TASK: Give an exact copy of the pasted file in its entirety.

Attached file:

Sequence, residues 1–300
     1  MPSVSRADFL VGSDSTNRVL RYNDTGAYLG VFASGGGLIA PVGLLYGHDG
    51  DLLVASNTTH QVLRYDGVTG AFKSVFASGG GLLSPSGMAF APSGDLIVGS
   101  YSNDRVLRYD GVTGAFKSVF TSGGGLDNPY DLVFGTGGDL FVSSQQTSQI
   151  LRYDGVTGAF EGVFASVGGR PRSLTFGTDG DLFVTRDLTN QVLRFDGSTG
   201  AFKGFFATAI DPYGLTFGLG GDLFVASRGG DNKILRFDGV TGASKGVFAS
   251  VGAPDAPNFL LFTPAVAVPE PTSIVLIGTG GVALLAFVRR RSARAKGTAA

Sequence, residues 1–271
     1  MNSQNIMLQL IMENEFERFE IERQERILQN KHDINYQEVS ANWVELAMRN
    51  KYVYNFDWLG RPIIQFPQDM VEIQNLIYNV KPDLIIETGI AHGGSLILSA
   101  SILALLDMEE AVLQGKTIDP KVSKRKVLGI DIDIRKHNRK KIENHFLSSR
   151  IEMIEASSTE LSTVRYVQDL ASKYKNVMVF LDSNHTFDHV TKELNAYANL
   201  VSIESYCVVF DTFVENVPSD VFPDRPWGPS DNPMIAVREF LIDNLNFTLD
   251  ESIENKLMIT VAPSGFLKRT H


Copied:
Sequence, residues 1–300
     1  MPSVSRADFL VGSDSTNRVL RYNDTGAYLG VFASGGGLIA PVGLLYGHDG
    51  DLLVASNTTH QVLRYDGVTG AFKSVFASGG GLLSPSGMAF APSGDLIVGS
   101  YSNDRVLRYD GVTGAFKSVF TSGGGLDNPY DLVFGTGGDL FVSSQQTSQI
   151  LRYDGVTGAF EGVFASVGGR PRSLTFGTDG DLFVTRDLTN QVLRFDGSTG
   201  AFKGFFATAI DPYGLTFGLG GDLFVASRGG DNKILRFDGV TGASKGVFAS
   251  VGAPDAPNFL LFTPAVAVPE PTSIVLIGTG GVALLAFVRR RSARAKGTAA

Sequence, residues 1–271
     1  MNSQNIMLQL IMENEFERFE IERQERILQN KHDINYQEVS ANWVELAMRN
    51  KYVYNFDWLG RPIIQFPQDM VEIQNLIYNV KPDLIIETGI AHGGSLILSA
   101  SILALLDMEE AVLQGKTIDP KVSKRKVLGI DIDIRKHNRK KIENHFLSSR
   151  IEMIEASSTE LSTVRYVQDL ASKYKNVMVF LDSNHTFDHV TKELNAYANL
   201  VSIESYCVVF DTFVENVPSD VFPDRPWGPS DNPMIAVREF LIDNLNFTLD
   251  ESIENKLMIT VAPSGFLKRT H